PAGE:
Five-year-old Johnathan Spencer has been battling the ups and
downs of living with a rare disease referred to as childhood
Alzheimer’s. But Monday was a new chapter for Johnathan. It was the
day he became a Rucker Elementary School kindergartner.
Five-year-old Johnathan Spencer has been battling the ups and downs of living with a rare disease referred to as childhood Alzheimer’s. But Monday was a new chapter for Johnathan. It was the day he became a Rucker Elementary School kindergartner.
(Read a past story about Johnathan from April 2010.)
His parents, Keith and Rebecca Spencer of Gilroy, were devastated by the news in 2010 that then-4-year-old Johnathan tested positive for Niemann Pick Type C. It’s a rare disease that has been diagnosed to just 500 people worldwide, five or six of whom live in the United States. It attacks the body’s ability to metabolize cholesterol and other lipids within the cells, causing large amounts of cholesterol to accumulate within the liver and spleen and excessive amounts of other lipids, or fatty tissue, to accumulate in the brain.
The Spencers have done everything they can to help Johnathan – flying to to Virginia, Maryland and Canada to attend conferences and to speak with others who are affected by the disease.
The disease is often referred to as “childhood Alzheimer’s” because it causes neurological impairment and often causes children to be bedridden.
“Most children don’t get diagnosed until neurological hits because they don’t know anything is wrong with them, they’re so normal except for their liver and spleen,” said Rebecca. “Most children don’t get diagnosed until they start hitting walls and they’ll forget who you are.”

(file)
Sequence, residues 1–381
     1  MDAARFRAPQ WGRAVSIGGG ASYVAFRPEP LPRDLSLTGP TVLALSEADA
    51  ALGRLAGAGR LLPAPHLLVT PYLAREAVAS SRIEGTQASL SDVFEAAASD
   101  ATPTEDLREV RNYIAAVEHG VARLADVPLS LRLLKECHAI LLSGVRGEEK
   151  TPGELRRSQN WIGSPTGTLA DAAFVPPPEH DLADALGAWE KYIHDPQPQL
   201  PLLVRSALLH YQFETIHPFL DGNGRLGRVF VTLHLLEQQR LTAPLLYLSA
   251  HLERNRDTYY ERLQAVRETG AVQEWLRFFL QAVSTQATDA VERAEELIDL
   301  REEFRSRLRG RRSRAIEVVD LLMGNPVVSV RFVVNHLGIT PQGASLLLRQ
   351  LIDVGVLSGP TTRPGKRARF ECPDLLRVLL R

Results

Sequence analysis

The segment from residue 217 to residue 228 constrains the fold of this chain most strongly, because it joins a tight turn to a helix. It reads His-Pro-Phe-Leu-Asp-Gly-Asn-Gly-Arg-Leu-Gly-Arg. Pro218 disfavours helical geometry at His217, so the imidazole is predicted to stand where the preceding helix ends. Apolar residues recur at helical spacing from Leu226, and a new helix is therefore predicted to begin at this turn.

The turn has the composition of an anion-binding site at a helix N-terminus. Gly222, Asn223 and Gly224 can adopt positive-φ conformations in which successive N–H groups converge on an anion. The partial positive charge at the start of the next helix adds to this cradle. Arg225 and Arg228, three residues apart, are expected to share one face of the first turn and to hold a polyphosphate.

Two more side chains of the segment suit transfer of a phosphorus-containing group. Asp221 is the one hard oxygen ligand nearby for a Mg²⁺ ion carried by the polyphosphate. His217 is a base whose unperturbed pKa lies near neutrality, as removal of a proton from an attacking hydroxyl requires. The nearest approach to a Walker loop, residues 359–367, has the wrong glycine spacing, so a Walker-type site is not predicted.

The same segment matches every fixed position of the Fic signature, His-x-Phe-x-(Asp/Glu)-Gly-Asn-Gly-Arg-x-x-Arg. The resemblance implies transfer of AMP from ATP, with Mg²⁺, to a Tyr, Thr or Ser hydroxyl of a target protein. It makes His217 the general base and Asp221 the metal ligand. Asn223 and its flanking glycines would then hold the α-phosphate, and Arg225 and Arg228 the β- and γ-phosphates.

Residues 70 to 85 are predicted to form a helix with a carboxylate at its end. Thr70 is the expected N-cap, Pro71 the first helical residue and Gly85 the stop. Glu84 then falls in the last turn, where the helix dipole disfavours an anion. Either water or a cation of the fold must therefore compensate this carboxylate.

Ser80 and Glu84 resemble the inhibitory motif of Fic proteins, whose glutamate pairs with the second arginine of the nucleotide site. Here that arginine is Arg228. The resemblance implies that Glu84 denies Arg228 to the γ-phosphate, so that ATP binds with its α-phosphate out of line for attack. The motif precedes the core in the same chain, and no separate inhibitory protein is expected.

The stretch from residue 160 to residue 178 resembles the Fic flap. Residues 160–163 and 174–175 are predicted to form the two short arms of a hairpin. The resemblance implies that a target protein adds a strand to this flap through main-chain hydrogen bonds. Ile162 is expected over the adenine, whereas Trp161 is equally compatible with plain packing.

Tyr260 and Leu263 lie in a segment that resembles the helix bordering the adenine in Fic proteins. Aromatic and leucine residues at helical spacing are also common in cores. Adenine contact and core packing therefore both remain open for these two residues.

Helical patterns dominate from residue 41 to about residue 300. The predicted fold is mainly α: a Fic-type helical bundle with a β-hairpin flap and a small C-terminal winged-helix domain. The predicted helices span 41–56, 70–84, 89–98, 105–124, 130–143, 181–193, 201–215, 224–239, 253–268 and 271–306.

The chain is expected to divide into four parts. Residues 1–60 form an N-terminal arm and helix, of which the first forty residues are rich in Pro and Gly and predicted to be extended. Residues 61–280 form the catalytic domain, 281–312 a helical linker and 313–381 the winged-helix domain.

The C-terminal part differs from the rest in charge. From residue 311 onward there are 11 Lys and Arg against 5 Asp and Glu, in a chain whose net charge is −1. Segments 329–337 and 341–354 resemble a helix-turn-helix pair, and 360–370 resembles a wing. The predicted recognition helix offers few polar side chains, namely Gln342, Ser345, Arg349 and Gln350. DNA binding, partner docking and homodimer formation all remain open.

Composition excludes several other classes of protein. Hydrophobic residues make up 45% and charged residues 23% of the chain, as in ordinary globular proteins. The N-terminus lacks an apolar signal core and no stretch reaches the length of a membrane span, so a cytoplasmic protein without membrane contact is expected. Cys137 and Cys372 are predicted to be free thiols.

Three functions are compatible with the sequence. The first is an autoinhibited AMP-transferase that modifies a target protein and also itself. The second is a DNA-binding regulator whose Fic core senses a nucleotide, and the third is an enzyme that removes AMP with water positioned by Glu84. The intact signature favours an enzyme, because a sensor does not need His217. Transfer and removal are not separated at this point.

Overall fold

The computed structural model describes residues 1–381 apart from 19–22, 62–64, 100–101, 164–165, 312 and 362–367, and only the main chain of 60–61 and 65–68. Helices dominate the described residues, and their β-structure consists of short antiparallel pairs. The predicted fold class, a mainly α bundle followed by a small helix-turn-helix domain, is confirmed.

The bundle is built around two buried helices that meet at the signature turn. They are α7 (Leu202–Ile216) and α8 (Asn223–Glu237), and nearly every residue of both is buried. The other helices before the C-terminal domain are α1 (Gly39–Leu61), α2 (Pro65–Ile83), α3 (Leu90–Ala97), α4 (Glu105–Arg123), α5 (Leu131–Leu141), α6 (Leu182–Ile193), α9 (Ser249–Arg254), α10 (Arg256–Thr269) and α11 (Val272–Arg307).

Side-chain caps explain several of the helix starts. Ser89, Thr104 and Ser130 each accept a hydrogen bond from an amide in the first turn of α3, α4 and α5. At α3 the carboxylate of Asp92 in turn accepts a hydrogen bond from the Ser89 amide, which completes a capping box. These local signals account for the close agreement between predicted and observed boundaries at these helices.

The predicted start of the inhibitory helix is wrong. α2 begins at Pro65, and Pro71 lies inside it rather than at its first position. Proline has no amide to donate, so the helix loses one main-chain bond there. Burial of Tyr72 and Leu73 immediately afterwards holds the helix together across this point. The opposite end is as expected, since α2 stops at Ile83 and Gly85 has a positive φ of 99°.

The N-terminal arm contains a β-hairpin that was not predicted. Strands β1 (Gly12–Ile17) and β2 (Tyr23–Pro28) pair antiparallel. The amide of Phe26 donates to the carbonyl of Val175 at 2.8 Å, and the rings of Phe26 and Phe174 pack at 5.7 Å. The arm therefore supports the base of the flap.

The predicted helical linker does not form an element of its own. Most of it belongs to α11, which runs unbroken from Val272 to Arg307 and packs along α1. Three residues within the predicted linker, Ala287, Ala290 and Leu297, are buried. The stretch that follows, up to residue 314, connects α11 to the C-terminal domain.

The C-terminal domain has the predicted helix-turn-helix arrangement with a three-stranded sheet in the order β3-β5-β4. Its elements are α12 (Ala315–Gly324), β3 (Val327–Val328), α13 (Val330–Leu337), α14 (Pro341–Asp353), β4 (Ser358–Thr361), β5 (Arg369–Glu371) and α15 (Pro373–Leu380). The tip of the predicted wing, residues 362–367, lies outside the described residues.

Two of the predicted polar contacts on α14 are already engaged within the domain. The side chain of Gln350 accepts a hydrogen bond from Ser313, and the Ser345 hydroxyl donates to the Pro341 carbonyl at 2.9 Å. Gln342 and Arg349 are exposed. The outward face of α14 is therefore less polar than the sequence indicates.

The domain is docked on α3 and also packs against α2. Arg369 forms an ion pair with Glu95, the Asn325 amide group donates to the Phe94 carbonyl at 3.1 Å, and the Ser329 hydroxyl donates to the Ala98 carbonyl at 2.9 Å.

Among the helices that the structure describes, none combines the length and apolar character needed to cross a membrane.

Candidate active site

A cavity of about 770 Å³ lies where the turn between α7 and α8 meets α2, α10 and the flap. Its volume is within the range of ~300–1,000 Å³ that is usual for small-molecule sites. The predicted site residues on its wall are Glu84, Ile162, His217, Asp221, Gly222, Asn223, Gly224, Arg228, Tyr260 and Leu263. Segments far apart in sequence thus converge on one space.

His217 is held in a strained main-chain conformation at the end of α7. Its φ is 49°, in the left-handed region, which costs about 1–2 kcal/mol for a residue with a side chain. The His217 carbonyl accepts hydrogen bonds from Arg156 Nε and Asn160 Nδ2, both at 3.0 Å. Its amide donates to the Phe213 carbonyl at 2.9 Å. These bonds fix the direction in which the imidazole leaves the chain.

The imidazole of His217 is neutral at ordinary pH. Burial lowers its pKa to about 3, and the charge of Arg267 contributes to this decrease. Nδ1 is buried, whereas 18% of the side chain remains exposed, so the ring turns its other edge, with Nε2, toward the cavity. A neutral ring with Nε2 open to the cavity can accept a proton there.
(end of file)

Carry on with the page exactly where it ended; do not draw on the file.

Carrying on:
Needle pricks and experimental medications are a constant reminder that there is still no cure for NPC, a genetic neurodegenerative disease – and it’s almost always fatal, according to the National Niemann-Pick Disease Foundation.
“The average age of onset on neurological (damage) is 6 and the average age of death is between 2 and 16,” said Rebecca.
Johnathan is taking experimental medication called Zavesca, which has slowed down his NPC symptoms. The medication is supposed to stunt his growth but standing at almost 45-inches right now, Johnathan is above average in height. Both Keith and Rebecca are hopeful that the medication will give them time that they need for another treatment to be released.
“We had the two benefits that were amazing, we raised over $25,000 for Niemann Pick. The community has been the most amazing this past year,” said Rebecca.
On Monday, Keith and Rebecca took Johnathan to his first day at Rucker Elementary on Santa Clara Avenue. The reason they chose Rucker was because Johnathan will be surrounded by family. His grandmother, Patty Spencer is the Rucker librarian, and Aunt Kristen Lopez works there also. And, Rebecca grew up with Johnathan’s kindergarten teacher.
“He’s going to have eyes everywhere. That’s where they’re going to see it first (neurological symptoms),” said Rebecca.
Like any other parents, Keith and Rebecca are nervous about their child starting at Rucker.
“If it was up to me he wouldn’t be going,” joked Rebecca. “I would have him stay home.”
Even Johnathan confessed to his mom he was nervous to start school. But, he’s been practicing even still; Johnathan started school Monday knowing his ABCs, how to count and how to spell the first part of his name.